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How To Work Smarter Not Harder- #MillennialTalk Recap

Productivity and marketing experts abide by the 80–20 Rule. Formally known as the Pareto Principle, the notion is that 80 percent of your results come from only 20 percent of your efforts. The rule has been applied for 100 years as a guide to efficiency.

Top marketers such as Rebekah Radice, Christina Nicholson, Bershan Shaw, Ben Parr and Chelsea Krost are huge fans of 80–20, or as they like to say, “Work smarter, not harder.” The entrepreneurs gathered in Krost’s #MillennialTalk Twitter chat to say how they succeed at business without trying as hard.

Mindset is important, particularly being able to reset it when needed.

“Stop. Take a break. Step away from the screen. That’s it,” said Parr, co-founder and chief marketing officer of Octane AI. “Pull up a meditation for 10 minutes. Go on a hike. Do a seven-minute workout. I just stop the moment I need a reset.

“Nothing is more important than a good night’s sleep to one’s productivity,” he said. “Go to bed early. Try to remove phones. I have this heavy eye mask I wear and a relaxing sound routine that helps me a ton.”

As the 80–20 Rule implies, hard work is not necessarily right work.

“You could work very hard, but still be doing the wrong things,” said Nicholson, a TV host, podcaster, TEDx speaker and former reporter and anchor. “That’s why it’s vital to work smart. It’s knowing what to do, and that takes a money and time investment. If it were easy, everyone would do it.

“Working smart is all about how you set your goals to ensure you implement the tasks to do so you achieve them,” she said, citing her go-to guide, The SMART Goal Setting Worksheet.

Practice sticktoitiveness

With never enough hours in the day, there are assorted ways to optimize calendars to make the most of valuable time.

“The method I like to use is to make a schedule and stick to it,” said Shaw, a speaker, strategist, transformational coach, TV personality and business coach. “Do check-ins with yourself and hold yourself accountable.

“The system to use to optimize your calendar and make the most of your time is to get help,” she said. “We try to do it all ourselves. Stop it. Ask for help. Find someone. If you can’t make a schedule and organize yourself to keep things together, breathe.”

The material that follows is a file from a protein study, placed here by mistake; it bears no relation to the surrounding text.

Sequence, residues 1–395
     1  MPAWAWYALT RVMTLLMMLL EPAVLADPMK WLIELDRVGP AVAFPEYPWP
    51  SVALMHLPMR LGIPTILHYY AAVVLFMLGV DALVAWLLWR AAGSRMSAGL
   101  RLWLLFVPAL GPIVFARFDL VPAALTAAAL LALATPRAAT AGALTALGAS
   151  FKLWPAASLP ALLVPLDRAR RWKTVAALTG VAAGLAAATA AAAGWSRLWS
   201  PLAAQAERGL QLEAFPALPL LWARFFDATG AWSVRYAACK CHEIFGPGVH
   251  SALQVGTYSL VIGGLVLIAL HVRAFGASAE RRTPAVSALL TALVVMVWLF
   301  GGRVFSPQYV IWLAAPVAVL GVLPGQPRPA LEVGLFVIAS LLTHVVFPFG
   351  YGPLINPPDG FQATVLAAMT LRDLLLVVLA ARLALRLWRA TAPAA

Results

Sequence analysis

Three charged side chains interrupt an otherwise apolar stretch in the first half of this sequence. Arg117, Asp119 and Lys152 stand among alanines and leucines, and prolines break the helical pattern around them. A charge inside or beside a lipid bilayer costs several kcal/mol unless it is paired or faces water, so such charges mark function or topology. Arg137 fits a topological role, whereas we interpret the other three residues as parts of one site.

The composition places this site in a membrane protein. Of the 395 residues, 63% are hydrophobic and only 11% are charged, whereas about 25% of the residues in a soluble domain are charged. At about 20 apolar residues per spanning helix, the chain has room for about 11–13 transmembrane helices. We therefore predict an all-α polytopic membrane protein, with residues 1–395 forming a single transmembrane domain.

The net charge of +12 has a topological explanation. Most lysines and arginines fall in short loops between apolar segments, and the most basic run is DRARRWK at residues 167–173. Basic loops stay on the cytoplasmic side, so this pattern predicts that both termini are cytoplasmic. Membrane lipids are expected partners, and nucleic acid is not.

Shaw suggests these steps to optimize your calendar:

  • Make a schedule on your phone or notebook.
  • Bullet-point it.
  • Don’t procrastinate.
  • Do the work, and make it happen.
  • Remember, you can do it.

Radice, a marketing performance strategist, is a firm believer in David Allen’s Getting Things Done method.

“The idea is simple,” she said. “Get tasks out of your head and into a working system. You free up your mind to focus on taking action instead of recalling them.”

These are her five steps to getting things done:

  • Capture and collect what has your attention.
  • Clarify and process what it means.
  • Organize and put it where it belongs.
  • Reflect and review frequently.
  • Engage and do.

“Time blocking and managing your calendar are critical to getting everything done without losing your mind,” Radice said. “Such an important reminder: Always make self-care a top priority.”

Krost, a millennial expert, global speaker and marketing and branding strategist, prides herself on discipline.

“There is nothing that helps me get more done in the day and work more productively than block scheduling my calendar and sticking to it,” she said. “Evaluate what your weekly ‘fixed’ versus ‘variable’ tasks are for your business.”

Allot specific times

Then Krost bookends her day with emails.

“I carve out a morning block and evening block for emails,” she said “Then I can focus on my most important work in the middle of the day.

“Multi-tasking is not always the most effective,” Krost said. “I always carve out a portion of my day that I call my Do Not Disturb time where I lock in and tackle my most important tasks and client work.”

 

She has a complete video on how she organizes her block schedule.

The all-star entrepreneurs continued their discussion, including how not to get bogged down by email, and great moves they made early in their careers that brought them success today.

 

About Jim Katzman
Jim Katzaman is a manager at Largo Financial Services and worked in public affairs for the Air Force and federal government. You can connect with him on Twitter, Facebook and LinkedIn.

 

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